Past Reviews

Regional Reviews: Chicago

To Catch a Fish
TimeLine Theatre
Review by John Olson|

Also see John's review of Jesus Christ Superstar

Geno Walker and Jay Worthington
Photo by Lara Goetsch
We live in anxious times, and some of the issues causing the most anxiety right now in the U.S. are gun violence, race relations, and a lack of faith in our government. Those looking for relief from these anxieties or hope for solutions to these problems won't find much comfort in Brett Neveu's new play, To Catch a Fish, in its world premiere production by TimeLine Theatre.

To Catch a Fish is based on real-life events that occurred not too far away (about 90 miles away, in Milwaukee) or too long ago (in 2012). That year, the federal Bureau of Alcohol, Tobacco and Firearms (ATF) set up sting operations to catch illegal sellers of firearms in several cities across the country, including Milwaukee. The goal of reducing the number of guns on the street was admirable, but the program's execution was not. The ATF leased a vacant building in a stable residential block not too far from the city's African-American neighborhood and opened a store that purportedly sold sports apparel and athletic shoes. They let it be known, though, that their real interest was in buying guns on the black market. Over the course of the operation, which lasted less than a year, the ATF bought or confiscated 144 firearms and made 31 arrests, according to an article by The Washington Post. Yet, many of the firearms were bought from people who owned them legally—and the undercover agents in some cases paid more than retail prices for them.

Financial waste was hardly the gravest sin of the operation. Racial profiling and entrapment led some of the more vulnerable members of the African-American community to commit crimes, and Neveu's play focuses on the story of a mentally challenged young black man in that situation. That man is fictionalized and renamed in this play as Terry Kilbourn—a 21-year-old with the intelligence of an 8-year-old, due to a childhood brain injury. In To Catch a Fish, Terry has unwittingly been recruited to help the undercover agents, who he believes are running a legitimate store and are his friends. They hire him to distribute flyers around the African-American community to attract potential sellers of guns to the "store," but don't explain the real purpose behind their scheme until he's been working for them for a while—and even then, they don't fully explain. Somehow—and Neveu's script is confusing on these points—both Terry and his non-impaired cousin Dontre fall into the agents' traps.

To Catch a Fish works well, if leisurely so, as a realistic drama of life in the inner city. Terry lives with his grandmother Brenda in a stable home neither affluent nor impoverished. Brenda has cared for Terry since the death of his mother and her nephew Dontre, Terry's cousin, visits often. Both Terry and Dontre have been convicted of crimes and have served some time, but Dontre is now working in an auto repair shop and Terry is thrilled to have his job with the "store" (even though the agents pay him with cigarettes and jerseys rather than money). This is a family who has endured much tragedy and as it turns out, the ATF's meddling into their community and their lives brings more. The bungled operation was meant to make this inner-city neighborhood safer, but when the government sees people of color as those to be prosecuted as well as those to be protected, they apparently have trouble telling the good guys from the bad guys. (They missed some of the bad guys, as well. In real life, as in the play, several guns are stolen from an agent's car and the "store" is broken into and looted, resulting in the loss of thousands of dollars of merchandise, guns and property damage).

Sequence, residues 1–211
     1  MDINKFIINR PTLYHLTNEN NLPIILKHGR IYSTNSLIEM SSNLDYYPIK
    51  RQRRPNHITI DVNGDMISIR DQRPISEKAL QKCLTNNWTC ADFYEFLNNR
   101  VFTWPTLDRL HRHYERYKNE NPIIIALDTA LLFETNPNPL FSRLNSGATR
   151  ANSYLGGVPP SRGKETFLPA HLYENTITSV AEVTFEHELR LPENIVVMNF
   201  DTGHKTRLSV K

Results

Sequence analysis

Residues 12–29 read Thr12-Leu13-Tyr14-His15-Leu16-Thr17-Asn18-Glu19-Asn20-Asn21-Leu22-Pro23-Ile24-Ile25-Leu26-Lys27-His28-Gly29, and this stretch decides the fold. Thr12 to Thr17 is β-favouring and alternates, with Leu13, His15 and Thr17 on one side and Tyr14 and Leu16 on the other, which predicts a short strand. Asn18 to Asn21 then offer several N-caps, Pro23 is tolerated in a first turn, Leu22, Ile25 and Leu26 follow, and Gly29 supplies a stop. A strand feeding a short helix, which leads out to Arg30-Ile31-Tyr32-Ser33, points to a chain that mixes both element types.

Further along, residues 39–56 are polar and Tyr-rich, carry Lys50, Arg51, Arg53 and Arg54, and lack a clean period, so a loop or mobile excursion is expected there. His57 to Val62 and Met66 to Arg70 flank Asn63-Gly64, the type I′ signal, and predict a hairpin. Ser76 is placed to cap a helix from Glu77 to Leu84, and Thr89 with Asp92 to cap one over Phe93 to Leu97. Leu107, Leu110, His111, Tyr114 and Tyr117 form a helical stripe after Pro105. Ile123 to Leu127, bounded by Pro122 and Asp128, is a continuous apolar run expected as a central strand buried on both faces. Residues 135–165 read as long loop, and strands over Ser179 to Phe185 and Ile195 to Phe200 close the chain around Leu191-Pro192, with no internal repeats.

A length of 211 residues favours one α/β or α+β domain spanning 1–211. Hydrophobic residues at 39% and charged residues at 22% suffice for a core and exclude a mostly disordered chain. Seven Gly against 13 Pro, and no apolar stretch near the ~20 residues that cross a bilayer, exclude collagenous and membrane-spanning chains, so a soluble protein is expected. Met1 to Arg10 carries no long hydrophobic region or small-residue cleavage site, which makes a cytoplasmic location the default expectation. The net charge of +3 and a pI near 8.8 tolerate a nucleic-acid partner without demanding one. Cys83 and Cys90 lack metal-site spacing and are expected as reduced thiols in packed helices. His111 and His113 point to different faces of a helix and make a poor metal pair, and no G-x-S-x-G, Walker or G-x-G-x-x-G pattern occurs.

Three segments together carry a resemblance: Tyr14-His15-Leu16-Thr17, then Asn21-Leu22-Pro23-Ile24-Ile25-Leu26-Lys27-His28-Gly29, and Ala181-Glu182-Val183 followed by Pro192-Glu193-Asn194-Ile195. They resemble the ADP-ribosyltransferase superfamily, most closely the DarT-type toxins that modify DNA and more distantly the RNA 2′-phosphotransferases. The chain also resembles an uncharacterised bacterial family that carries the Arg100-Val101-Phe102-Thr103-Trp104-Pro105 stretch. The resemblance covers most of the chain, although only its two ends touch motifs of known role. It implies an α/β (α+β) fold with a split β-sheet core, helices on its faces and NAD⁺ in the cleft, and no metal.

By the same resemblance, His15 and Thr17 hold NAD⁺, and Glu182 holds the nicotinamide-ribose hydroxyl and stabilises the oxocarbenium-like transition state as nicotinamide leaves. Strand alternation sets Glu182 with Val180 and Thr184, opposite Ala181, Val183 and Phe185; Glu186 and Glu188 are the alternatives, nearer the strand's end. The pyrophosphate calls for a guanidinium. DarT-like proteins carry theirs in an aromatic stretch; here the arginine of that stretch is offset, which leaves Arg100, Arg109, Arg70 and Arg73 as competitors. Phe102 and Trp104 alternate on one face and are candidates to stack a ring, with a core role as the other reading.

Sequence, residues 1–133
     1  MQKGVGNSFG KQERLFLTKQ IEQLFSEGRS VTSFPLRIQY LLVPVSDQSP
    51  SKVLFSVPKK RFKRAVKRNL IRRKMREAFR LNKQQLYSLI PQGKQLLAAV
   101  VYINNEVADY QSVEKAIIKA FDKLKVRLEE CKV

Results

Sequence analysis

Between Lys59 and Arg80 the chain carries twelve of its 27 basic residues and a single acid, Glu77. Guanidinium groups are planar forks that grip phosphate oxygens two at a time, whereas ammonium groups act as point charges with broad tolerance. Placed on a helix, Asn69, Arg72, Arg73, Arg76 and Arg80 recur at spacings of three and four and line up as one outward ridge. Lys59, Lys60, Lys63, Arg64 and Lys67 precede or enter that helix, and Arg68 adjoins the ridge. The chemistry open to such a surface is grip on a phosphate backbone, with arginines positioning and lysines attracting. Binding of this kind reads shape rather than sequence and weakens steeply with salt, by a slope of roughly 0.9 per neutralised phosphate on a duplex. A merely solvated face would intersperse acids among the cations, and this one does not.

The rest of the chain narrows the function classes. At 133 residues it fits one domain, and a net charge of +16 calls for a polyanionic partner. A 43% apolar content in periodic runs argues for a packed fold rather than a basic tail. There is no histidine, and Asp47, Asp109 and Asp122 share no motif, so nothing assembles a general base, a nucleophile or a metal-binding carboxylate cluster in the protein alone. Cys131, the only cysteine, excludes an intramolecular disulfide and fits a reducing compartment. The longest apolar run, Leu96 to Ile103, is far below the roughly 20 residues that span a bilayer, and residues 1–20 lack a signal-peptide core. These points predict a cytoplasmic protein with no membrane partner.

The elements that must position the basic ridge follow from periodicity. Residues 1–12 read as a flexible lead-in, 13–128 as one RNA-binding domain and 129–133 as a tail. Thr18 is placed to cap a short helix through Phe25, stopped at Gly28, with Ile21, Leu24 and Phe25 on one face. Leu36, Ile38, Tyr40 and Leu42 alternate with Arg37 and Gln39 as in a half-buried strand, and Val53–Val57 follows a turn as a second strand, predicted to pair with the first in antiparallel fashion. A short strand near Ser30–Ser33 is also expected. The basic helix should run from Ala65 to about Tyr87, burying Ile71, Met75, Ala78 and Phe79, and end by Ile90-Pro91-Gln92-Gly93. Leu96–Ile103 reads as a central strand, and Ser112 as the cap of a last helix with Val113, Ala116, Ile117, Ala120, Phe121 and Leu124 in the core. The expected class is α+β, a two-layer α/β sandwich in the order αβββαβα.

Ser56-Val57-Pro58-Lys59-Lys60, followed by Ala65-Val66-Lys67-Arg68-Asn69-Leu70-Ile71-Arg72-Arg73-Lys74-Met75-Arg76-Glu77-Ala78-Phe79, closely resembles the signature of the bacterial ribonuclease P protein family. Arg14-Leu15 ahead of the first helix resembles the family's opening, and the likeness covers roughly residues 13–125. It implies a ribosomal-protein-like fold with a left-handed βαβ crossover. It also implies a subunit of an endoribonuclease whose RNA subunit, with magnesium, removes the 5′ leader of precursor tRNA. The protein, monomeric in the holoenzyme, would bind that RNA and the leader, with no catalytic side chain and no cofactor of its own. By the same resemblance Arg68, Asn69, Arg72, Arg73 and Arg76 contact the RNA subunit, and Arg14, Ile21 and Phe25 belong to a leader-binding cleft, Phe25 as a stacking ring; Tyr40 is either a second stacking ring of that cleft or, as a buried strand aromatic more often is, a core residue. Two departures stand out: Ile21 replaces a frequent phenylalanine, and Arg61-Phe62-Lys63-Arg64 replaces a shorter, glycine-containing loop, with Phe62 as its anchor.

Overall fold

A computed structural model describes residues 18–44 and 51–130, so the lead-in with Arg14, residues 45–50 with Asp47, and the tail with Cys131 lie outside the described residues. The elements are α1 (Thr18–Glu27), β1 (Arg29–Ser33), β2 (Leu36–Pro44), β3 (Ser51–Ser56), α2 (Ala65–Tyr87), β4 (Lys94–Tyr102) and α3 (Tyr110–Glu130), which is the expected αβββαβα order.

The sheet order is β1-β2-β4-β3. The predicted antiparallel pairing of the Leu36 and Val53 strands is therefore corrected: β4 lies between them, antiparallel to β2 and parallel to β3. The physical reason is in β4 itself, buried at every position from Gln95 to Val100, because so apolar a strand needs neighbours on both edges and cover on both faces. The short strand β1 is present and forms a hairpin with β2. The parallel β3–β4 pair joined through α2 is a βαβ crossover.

The performances under the direction of Ron OJ Parson are strong. Linda Bright Clay is the tough and caring yet ultimately powerless grandmother Brenda. The sadness she carries over losing her children and fearing the loss of her grandsons is palpable. Geno Walker is a convincingly simple Terry, a sweet soul that lacks the mental ability to recognize and deal with problems and so can only deny them. Al'Jaleel McGhee's Dontre is a tragic figure, struggling (and failing) to do what's right in the face of pressures to find a solution to his financial problems. Tiffany Addison plays Rochelle Walker, Terry's older and non-challenged girlfriend, who works as a store clerk. Her attraction to the younger, mentally challenged Terry is not explained, but Addison's sensitive portrayal suggests she sees something in the man-boy that feels comforting, if not secure.

To Catch a Fish is told through the perspective of these civilians and is most effective as a window into their lives. Neveu reveals the true nature of the ATF sting gradually, but not clearly. Two of the three agents, Ike (Jay Worthington) and Dex (Stephen Walker), look sketchy from the start. A third agent, Regina "G" Whitman, played by AnJi White, is all business and less threatening. The two men seem dangerous, but as Neveu reveals their plot, it's never exactly clear how they expected this scheme to work or how they trapped Terry and Dontre into it. "G" appears to have been duped by Dex and Ike, but their plot is too convoluted or confusing to follow.

There's certainly a point to the play. As a story of good people struggling to survive under difficult-to-impossible circumstances, it's moving and important. As a docu-drama exposing an inept law enforcement operation that is shown to have caused real and unnecessary harm that must not be excused despite the program's best intentions and partial successes, it needs a lot more exposition.

To Catch a Fish, through July 1, 2018, at TimeLine Theatre, 615 West Wellington, Chicago IL. For tickets or further information, visit or call 773-281-8463, ext. 6.